Eye condition questions

I have a sore eye/My eyes have gone red/ I can’t see as well as I normally do – Should I go to the GP or the optician?

What is dry eye syndrome?

What is blepharitis?

What is conjunctivitis?

What is Glaucoma?

What is a Cataract?

What is Age -Related Macular Degeration (AMD)?

What is a posterior vitreous detachment (PVD)?

What is a detached retina?

I have a sore eye/My eyes have gone red/ I can’t see as well as I normally do – Should I go to the GP or the optician?

Your GP is unlikely to have access to the specialised equipment and training that opticians have so your first port of call for eye care should always be your optician. We will assess your eye health and treat the problem ourselves if we can or direct you the most relevant health care professional if we can’t. We have a list of phone numbers that allow us to rapidly access the eye department at the hospital in the case of an emergency. 

Please do bear in mind though, we are not set up to offer a walk-in eye casualty service. Please phone ahead to book your appointment. We do not have an optician available at every location at all times but will always make arrangement to have you seen by an optometrist as soon as is appropriate (even if it’s at a different practice). 

If we are closed and you have an eye emergency phone NHS 24 for advice on 111

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What is dry eye syndrome?

Dry eye syndrome, or dry eye disease, is a common condition that occurs when the eyes do not make enough tears or the tears evaporate too quickly. This leads to the eyes drying out and becoming inflamed (red and swollen) and irritated.

The symptoms of dry eye syndrome usually affect both eyes and often include:

  • feelings of dryness, grittiness or soreness that get worse throughout the day 
  • red eyes 
  • eyelids that stick together when you wake up 
  • temporarily blurred vision, which usually improves when you blink 

Dry eye syndrome can occur when the complex tear production process is disrupted in some way. There are many different reasons why this can happen, although a single identifiable cause is not often found.

Common causes include:

  • being in a hot or windy climate 
  • wearing contact lenses 
  • certain underlying medical conditions, such as blepharitis (inflammation of the eyelids) 
  • side effects of certain medications 
  • hormonal changes in women 

Although the condition can affect people of any age, your chances of developing dry eye syndrome increase as you get older. It's estimated that up to one in every three people over the age of 65 experiences problems with dry eyes.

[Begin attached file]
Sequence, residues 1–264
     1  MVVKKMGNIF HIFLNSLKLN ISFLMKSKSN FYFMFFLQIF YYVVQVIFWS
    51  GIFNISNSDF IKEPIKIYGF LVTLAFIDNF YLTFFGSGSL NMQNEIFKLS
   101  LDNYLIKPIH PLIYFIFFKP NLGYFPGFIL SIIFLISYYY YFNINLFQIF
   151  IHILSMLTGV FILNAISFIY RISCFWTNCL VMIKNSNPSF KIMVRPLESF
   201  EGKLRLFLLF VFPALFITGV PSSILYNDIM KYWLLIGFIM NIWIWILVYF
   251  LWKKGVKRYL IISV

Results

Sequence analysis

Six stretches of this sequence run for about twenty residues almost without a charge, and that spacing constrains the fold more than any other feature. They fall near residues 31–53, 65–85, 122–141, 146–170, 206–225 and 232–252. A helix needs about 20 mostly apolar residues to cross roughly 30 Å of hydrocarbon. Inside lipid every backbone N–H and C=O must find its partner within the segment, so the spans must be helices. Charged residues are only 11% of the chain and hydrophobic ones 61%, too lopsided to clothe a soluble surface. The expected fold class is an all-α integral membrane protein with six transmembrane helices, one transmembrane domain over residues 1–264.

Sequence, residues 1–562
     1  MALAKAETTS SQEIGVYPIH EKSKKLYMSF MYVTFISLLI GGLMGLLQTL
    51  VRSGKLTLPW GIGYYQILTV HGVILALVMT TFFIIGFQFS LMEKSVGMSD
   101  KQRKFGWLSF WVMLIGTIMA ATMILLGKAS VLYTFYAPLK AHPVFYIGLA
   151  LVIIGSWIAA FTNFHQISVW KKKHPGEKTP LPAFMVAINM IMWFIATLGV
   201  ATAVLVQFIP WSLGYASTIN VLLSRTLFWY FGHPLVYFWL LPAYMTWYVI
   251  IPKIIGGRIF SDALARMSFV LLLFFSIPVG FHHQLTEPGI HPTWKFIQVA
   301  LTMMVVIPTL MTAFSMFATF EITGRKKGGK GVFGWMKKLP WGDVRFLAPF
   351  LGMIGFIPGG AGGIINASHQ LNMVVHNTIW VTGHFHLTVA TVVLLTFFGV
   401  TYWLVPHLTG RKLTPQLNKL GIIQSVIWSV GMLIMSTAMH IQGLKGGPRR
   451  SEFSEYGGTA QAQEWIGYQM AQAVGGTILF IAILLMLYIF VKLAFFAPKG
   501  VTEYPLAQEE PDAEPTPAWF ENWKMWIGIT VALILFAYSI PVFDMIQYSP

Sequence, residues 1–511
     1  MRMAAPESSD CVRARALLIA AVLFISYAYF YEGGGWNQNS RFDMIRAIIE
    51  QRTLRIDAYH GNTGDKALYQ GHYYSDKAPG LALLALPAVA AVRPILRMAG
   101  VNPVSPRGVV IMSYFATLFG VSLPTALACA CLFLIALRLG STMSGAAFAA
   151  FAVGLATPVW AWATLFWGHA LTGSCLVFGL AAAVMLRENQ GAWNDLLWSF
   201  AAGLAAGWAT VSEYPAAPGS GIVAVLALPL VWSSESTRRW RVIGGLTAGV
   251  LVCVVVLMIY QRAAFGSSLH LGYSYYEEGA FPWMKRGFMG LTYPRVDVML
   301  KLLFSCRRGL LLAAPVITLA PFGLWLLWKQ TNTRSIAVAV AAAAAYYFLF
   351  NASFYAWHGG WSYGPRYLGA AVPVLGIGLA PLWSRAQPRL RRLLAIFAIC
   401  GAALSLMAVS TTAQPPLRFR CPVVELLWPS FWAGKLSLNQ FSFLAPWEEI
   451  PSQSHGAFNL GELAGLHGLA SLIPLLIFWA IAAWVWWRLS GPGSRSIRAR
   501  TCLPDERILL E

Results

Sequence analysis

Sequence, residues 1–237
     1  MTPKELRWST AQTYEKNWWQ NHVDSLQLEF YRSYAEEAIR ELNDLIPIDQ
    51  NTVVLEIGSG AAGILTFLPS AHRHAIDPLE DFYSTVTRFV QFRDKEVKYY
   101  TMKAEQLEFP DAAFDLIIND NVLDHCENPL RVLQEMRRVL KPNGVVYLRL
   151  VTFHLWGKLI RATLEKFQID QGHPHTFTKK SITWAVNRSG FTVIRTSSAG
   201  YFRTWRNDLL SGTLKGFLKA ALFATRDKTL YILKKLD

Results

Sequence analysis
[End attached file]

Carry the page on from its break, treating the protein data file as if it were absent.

Dry eye syndrome is not usually a serious condition. 

R. D. McFarlane and Nicol’s opticians have a range of treatments available to help relieve the symptoms. 

As well as medical treatments, there are some things you can do yourself to help prevent dry eye syndrome or reduce the symptoms. 

These include: 

  • keeping your eyes and eyelids clean and protecting them from dusty, smoky, windy and dry environments 
  • using your computer or laptop correctly to avoid eye strain 
  • using a humidifier to moisten the air 
  • eating a healthy diet that includes omega-3 fats 

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What is blepharitis?

Blepharitis occurs when the edge of your eyelids become inflamed. It is usually caused by an infection or a skin condition.

There are two main types of blepharitis:

  • anterior blepharitis – where the inflammation affects the skin around the base of your eyelashes 
  • posterior blepharitis – where the inflammation affects your Meibomian glands (found on the inside edge of your eyelids) 

Some people experience both types of blepharitis, as the causes are often linked.

Anterior blepharitis can be caused by either a bacterial infection or a skin condition called seborrhoeic dermatitis.

Staphylococcus bacteria are most commonly associated with blepharitis. These bacteria live harmlessly on the skin of many people but, for unknown reasons, they can cause the eyelids of some people to become inflamed.

Seborrhoeic dermatitis is a skin condition that causes skin to become oily or flaky, and it can sometimes irritate the eyelids. Seborrhoeic dermatitis often causes both anterior and posterior blepharitis at the same time. 

Posterior blepharitis occurs due to a problem with the Meibomian glands, which are found on the inside edge of your eyelids.

The Meibomian glands are responsible for producing an oily substance that makes up part of your tears. A problem in these glands can lead to excess production of this oily substance or a blockage in the glands, which can cause the eyelids to become irritated and inflamed.

R.D. McFarlane and Nicol’s Opticians have a range of treatments to help manage blepharitis. Please make an appointment and your optician can discuss them with you. 

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What is conjunctivitis?